One of the more interesting hacks at Yahoo! Hack Day last week was a game that challenged the notion of tagging.
How effective is tagging for recall? Can you remember what you tagged any given item? This question gets right to an important issue.
del.icio.us was invented as a type of bookmark manager. Joshua Schachter needed a way to save web pages, and the tag format seemed like a better metaphor than folders for recalling things.
When I first heard about del.icio.us from Jon Udell, my initial reaction to the idea of a bookmark manager was very negative. That reaction was clearly related to this question, as I was sure then and just as sure today that my mother will never organize her web pages with tags.
(Actually, that’s a risky statement. My mother is so organized that she can locate my primary school grade reports as quickly as she can find her most recent ATM receipt. She may actually become a super tagger some day.)
The act of tagging for the purpose of saving items for later is not for everyone. It is perhaps only necessary for a small group of people in specific circumstances. Bradley Horowitz’s influencer pyramid is a great visualization of how tagging can add value for the rest of us. At the top is the person who makes extra effort to evaluate, filter, categorize and socialize things. This is the person everyone who wants something socialized on the Internet needs to talk to.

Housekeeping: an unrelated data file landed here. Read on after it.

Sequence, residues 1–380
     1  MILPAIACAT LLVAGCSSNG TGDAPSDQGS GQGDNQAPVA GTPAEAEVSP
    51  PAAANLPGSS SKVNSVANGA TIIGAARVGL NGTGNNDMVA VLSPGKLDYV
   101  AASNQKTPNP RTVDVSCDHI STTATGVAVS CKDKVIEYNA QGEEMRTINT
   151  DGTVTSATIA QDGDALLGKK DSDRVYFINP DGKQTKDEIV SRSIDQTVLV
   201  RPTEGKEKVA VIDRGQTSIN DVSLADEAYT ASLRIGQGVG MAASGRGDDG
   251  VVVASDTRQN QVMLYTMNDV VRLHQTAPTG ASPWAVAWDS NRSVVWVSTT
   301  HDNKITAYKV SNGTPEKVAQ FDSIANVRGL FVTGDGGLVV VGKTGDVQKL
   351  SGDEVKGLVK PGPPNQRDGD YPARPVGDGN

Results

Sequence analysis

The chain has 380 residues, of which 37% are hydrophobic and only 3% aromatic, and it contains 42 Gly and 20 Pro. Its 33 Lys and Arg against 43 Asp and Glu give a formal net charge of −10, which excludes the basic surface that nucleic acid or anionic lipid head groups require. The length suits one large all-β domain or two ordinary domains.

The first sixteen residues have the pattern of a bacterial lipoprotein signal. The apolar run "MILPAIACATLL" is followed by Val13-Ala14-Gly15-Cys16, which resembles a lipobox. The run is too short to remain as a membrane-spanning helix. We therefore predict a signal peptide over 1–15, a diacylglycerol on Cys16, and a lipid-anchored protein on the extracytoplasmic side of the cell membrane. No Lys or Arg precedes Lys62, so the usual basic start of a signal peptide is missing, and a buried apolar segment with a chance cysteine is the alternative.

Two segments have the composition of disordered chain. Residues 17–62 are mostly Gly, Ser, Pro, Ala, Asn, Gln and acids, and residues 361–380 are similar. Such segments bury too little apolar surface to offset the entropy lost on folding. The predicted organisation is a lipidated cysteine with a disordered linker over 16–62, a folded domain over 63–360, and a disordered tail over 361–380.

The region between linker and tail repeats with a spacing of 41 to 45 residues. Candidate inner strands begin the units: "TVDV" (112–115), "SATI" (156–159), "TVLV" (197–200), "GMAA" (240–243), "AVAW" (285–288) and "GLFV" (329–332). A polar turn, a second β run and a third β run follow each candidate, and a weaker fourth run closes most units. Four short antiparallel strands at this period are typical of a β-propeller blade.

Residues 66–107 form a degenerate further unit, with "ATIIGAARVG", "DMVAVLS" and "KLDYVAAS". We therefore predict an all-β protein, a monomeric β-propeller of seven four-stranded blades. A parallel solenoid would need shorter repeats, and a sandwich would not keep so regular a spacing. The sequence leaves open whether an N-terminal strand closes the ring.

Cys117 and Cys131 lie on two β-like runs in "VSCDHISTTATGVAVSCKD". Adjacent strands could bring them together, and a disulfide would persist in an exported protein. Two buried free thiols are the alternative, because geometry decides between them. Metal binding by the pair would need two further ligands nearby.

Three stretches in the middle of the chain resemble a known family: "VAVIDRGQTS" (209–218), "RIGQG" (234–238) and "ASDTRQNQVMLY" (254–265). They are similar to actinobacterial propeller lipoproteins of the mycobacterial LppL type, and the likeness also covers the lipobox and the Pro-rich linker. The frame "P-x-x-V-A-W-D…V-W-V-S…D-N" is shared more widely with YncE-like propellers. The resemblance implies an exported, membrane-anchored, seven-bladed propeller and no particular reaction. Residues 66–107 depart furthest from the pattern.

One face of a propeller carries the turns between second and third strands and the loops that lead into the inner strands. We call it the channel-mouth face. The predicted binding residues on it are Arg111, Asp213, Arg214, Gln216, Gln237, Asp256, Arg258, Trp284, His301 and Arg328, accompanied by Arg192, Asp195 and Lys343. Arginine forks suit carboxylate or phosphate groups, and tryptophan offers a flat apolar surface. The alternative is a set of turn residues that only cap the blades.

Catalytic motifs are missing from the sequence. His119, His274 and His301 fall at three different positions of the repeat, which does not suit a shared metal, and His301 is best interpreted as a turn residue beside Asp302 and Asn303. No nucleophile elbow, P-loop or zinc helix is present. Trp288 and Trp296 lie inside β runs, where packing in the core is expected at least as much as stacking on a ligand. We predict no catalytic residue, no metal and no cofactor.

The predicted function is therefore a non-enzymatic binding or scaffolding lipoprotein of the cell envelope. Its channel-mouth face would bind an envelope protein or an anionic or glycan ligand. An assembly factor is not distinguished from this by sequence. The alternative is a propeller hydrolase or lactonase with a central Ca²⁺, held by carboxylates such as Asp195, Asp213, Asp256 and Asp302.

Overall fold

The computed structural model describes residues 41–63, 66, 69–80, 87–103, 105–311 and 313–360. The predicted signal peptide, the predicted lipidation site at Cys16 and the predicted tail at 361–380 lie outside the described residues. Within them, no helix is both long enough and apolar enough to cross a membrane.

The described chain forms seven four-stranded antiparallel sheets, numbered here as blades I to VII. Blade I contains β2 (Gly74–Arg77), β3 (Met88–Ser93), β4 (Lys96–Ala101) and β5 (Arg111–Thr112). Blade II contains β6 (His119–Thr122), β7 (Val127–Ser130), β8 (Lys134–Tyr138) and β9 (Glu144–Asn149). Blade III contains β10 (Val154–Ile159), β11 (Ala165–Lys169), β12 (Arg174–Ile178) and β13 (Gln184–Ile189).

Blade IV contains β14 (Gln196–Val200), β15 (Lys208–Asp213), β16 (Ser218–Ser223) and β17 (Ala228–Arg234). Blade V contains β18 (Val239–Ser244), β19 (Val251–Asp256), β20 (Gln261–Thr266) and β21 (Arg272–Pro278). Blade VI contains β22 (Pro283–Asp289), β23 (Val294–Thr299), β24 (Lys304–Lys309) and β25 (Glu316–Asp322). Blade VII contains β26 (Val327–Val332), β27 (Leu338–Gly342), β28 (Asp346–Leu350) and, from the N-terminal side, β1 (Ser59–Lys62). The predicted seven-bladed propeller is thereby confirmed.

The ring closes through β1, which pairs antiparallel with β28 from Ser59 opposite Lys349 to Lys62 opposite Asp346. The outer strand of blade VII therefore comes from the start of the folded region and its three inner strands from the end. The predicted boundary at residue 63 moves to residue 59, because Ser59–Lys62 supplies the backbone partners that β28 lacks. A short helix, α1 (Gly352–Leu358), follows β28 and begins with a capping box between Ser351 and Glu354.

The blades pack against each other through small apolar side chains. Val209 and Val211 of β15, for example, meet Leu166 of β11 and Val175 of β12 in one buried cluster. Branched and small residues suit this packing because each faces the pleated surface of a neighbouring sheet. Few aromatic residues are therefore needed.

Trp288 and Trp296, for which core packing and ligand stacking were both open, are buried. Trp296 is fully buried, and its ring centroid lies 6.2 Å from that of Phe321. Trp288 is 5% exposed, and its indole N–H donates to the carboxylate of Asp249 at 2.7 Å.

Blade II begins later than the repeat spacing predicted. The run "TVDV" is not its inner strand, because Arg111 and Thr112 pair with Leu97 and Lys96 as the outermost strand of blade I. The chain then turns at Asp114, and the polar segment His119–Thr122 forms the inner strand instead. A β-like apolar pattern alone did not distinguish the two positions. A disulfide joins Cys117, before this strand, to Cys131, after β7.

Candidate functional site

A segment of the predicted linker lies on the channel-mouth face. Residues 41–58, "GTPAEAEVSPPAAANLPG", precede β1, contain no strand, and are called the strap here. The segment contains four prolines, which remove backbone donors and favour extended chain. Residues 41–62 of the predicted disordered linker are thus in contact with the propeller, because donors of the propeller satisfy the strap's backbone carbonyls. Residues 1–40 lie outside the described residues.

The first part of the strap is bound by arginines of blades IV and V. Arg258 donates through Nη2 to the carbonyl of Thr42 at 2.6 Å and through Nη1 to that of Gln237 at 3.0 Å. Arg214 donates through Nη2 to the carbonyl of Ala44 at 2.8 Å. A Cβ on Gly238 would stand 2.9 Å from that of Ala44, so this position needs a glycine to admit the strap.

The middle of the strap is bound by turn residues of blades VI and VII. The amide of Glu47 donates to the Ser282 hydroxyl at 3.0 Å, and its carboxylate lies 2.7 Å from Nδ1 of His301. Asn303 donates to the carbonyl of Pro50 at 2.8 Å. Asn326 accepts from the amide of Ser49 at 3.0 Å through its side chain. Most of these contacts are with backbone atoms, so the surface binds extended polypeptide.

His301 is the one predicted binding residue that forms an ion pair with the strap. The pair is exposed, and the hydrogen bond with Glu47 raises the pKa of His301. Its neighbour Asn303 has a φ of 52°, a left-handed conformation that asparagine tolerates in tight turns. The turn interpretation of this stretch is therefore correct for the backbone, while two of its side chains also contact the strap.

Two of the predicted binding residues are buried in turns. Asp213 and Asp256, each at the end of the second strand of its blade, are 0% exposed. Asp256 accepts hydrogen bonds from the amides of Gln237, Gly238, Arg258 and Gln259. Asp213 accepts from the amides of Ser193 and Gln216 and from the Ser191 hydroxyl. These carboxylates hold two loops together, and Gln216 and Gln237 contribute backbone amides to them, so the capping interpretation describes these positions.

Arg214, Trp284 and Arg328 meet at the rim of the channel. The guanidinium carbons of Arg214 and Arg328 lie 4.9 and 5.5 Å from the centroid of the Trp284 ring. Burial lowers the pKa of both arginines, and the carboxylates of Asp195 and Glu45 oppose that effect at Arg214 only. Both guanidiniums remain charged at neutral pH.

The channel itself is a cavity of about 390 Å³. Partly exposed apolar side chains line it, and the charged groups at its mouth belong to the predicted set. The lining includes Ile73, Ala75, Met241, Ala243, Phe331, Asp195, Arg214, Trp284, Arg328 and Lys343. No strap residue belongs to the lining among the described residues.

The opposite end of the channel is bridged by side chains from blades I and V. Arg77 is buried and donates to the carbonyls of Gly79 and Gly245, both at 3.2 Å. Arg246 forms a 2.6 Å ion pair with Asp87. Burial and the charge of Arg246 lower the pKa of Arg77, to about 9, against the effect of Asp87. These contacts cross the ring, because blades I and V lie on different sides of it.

In my mind, tags are hugely valuable. They expose important meta data at an abstraction level that was previously hidden in the Internet user interface. They are connective tissue allowing data sources to talk to each other in meaningful ways. And human-edited tags can balance the inaccuracies of machine automation that happens in any indexing exercise.
What’s missing from the tagging world is automatic learning. People shouldn’t have to find the ‘save’ button, click it, fill in tags, and hit save. My browser history says a lot about what interests me. The time I spend on a page says a lot about what I value. Any social activities I initiate or receive can inform a machine what the world around me thinks about.
The influencer is clearly willing to work harder to ensure information flows through the Internet in sensible ways, but everyone else will need something more personal to happen as a result of tagging to warrant the amount of effort to do it.
The introduction of tagging into the Internet user interface was a key step in the evolution of the medium, but the process of adding and collecting tag information needs to evolve before the effects of the tags will reach their true potential.
7 thoughts on “Challenging why (and how) people tag things”
Hi Matt – I wrote a series of articles related to this point. You might find them interesting? I see tagging as primarily a way to distribute information – in the sense that a tagstream is a primitive blog, a set of stuff you think will be interesting to people (but may not even yet know who.) Anyway, the series is on my blog which is at http://www.ihol.org/blog…. Seeya,
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